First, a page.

A House for Happy Mothers

Pub Date:   |   Archive Date: 01 Jul 2016

Member Reviews

Two women with very different backgrounds and circumstances are joined by the one factor - child. 
Priya is an American woman (ethnically half-American, half-Indian) desiring a child. Asha, a poor Indian woman living in India, is trying to get some money to ensure her family´s future. They connect through the surrogate mothering. 

This is definitely a book to start a debate. Quite educative on the Indian surrogate "market" and many of the ethical questions. 
The authoress is trying to cover all of the angles, emotional, ethical and economical. But just the fact that all of her characters are nice people (who also grow during the circumstances), somehow sugarcoats one of the main ethical questions here - the exploitation of the poor women, for whom the surrogate mothering is often the way out of the horrible circumstances (one of the characters comments on the issue: at least this way is better than prostitution). Because however Priya and her family are nice people, who genuinely try to help - yet their niceness is seen as a step above, as something extra in this world of the business with women´s uteruses. And the fact that Asha´s son is a boy with a promising future (and this future can be ensured with the help), makes only for another "Slumdog Millionaire" movie plot angle - because if the boy was just a normal "boy", how could Priya "repay" Asha´s being a surrogate mother for the baby? While the authoress brings the issue of exploitation on the table, yet somehow whitewashes it by Priya´s family and friends´ niceness. As if the "unusual" niceness of some people can be the apology for the business with poor women. 

But I am thankful for this book to open/continue the discussions.
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2.5 stars. I kept reading because while I have given some thought to the concept of surrogacy, I wasn't aware of the surrogacy market in India and the book kept me thinking, sometimes very uncomfortably.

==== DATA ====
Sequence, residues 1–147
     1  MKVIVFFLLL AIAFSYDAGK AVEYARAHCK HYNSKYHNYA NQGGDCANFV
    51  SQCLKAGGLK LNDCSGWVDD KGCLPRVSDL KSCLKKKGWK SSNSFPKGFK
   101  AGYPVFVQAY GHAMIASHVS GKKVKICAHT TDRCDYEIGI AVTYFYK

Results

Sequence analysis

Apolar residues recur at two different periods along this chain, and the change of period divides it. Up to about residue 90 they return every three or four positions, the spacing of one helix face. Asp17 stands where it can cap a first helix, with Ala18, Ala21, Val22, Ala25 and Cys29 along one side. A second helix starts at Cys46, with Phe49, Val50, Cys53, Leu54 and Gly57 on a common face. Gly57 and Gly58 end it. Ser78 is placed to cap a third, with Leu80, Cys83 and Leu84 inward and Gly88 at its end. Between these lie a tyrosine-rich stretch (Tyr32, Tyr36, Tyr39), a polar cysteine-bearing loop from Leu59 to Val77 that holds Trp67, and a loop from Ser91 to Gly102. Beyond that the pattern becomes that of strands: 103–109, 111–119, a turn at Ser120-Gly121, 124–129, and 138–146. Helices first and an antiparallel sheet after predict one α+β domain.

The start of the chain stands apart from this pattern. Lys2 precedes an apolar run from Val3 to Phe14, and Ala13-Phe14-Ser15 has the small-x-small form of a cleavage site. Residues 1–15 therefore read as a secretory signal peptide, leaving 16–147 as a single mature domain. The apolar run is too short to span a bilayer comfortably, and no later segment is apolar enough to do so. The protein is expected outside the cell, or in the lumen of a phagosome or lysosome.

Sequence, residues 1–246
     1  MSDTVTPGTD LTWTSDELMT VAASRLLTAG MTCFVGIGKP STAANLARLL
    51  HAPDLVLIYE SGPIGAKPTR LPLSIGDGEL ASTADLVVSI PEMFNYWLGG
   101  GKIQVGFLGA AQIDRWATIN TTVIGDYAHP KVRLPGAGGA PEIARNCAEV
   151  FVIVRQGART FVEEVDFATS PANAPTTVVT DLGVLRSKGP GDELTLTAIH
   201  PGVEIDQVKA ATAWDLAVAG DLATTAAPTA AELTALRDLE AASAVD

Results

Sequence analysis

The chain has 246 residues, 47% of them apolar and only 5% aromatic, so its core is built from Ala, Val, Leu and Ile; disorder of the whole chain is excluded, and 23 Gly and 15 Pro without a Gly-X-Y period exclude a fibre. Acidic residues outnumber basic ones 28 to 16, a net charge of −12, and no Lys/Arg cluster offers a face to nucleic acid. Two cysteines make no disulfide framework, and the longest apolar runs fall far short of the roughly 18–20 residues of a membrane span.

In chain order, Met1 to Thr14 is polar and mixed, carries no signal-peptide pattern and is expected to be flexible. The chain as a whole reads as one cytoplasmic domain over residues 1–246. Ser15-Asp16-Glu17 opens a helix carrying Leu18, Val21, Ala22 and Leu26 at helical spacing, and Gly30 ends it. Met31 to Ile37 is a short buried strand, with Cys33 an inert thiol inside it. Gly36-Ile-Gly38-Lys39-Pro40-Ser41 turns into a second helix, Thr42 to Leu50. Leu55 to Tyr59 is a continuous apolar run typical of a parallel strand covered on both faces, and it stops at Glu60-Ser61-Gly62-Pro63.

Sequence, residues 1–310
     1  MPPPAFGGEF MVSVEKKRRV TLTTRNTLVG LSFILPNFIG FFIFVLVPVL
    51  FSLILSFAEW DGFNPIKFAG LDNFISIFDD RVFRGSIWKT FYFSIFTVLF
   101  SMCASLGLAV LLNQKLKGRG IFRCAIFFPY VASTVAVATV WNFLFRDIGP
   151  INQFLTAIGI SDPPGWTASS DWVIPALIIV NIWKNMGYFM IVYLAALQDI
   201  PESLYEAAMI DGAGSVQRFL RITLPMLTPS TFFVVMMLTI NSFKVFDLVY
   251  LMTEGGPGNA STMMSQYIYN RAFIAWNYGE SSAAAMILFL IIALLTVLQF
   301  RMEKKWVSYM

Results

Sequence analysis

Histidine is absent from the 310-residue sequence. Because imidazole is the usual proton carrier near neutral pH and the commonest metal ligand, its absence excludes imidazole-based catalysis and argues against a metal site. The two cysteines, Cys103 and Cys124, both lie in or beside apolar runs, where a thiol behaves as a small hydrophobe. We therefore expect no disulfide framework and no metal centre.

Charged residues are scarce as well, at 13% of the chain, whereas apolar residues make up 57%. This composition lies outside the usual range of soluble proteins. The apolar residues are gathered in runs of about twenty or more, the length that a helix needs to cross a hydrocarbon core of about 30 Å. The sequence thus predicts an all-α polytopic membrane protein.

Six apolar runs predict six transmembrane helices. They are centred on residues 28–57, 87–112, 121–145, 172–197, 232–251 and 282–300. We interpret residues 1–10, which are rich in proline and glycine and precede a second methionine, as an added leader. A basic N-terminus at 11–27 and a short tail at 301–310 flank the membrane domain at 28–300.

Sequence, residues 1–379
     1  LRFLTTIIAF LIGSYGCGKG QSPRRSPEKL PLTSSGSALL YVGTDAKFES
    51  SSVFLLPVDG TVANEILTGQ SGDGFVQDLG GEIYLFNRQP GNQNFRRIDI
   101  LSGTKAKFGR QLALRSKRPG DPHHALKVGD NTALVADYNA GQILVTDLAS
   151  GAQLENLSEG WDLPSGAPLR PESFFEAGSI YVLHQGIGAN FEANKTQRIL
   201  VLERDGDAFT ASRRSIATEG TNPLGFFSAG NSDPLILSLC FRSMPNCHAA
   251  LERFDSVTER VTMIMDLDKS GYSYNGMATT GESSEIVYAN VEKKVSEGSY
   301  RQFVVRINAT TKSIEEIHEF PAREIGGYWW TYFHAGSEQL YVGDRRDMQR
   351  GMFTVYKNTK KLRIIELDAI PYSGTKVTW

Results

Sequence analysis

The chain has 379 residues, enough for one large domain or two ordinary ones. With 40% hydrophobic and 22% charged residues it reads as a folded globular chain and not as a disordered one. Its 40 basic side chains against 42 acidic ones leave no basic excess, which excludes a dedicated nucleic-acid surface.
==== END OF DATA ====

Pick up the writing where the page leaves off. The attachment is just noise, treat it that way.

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What a complete joy this book is to read. 

With a serious thread about infertility and surrogacy it is a touching and heart warming read. At times it is hard and very emotional and I was shocked by some of the story and the women.

I knew I would love it as soon as I saw the cover and to be honest it was so much better than I first thought. It is superbly written and while it is not a happy read it is one that will stay with me forever
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I thought this book brought up a lot of good points about outsourced surrogates. Not always as win-win as the proponents make it out to be, it gives a good look into the reasons someone might choose to do this and the perils therein. Heartbreaking and real, I was only a little disappointed in the weird relationship they end up having with the brilliant son. A good read!
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Thank you to Netgalley, the publisher, and Amulya Malladi (author) for providing me with this book in exchange for my honest review. 

Overall, I enjoyed this book, although the ending seemed rushed. I would've liked to know more about how Asha did post-birth; how her life was once she returned home. Did Manoj end up going to the boarding school? Did Asha and Pratap buy a flat? And how did having a baby change Priya's life. An epilogue would've ended things on a more complete note.
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A beautifully written book that shows the joys and heartache of using a surrogate to have a baby. The book seemed to be well researched.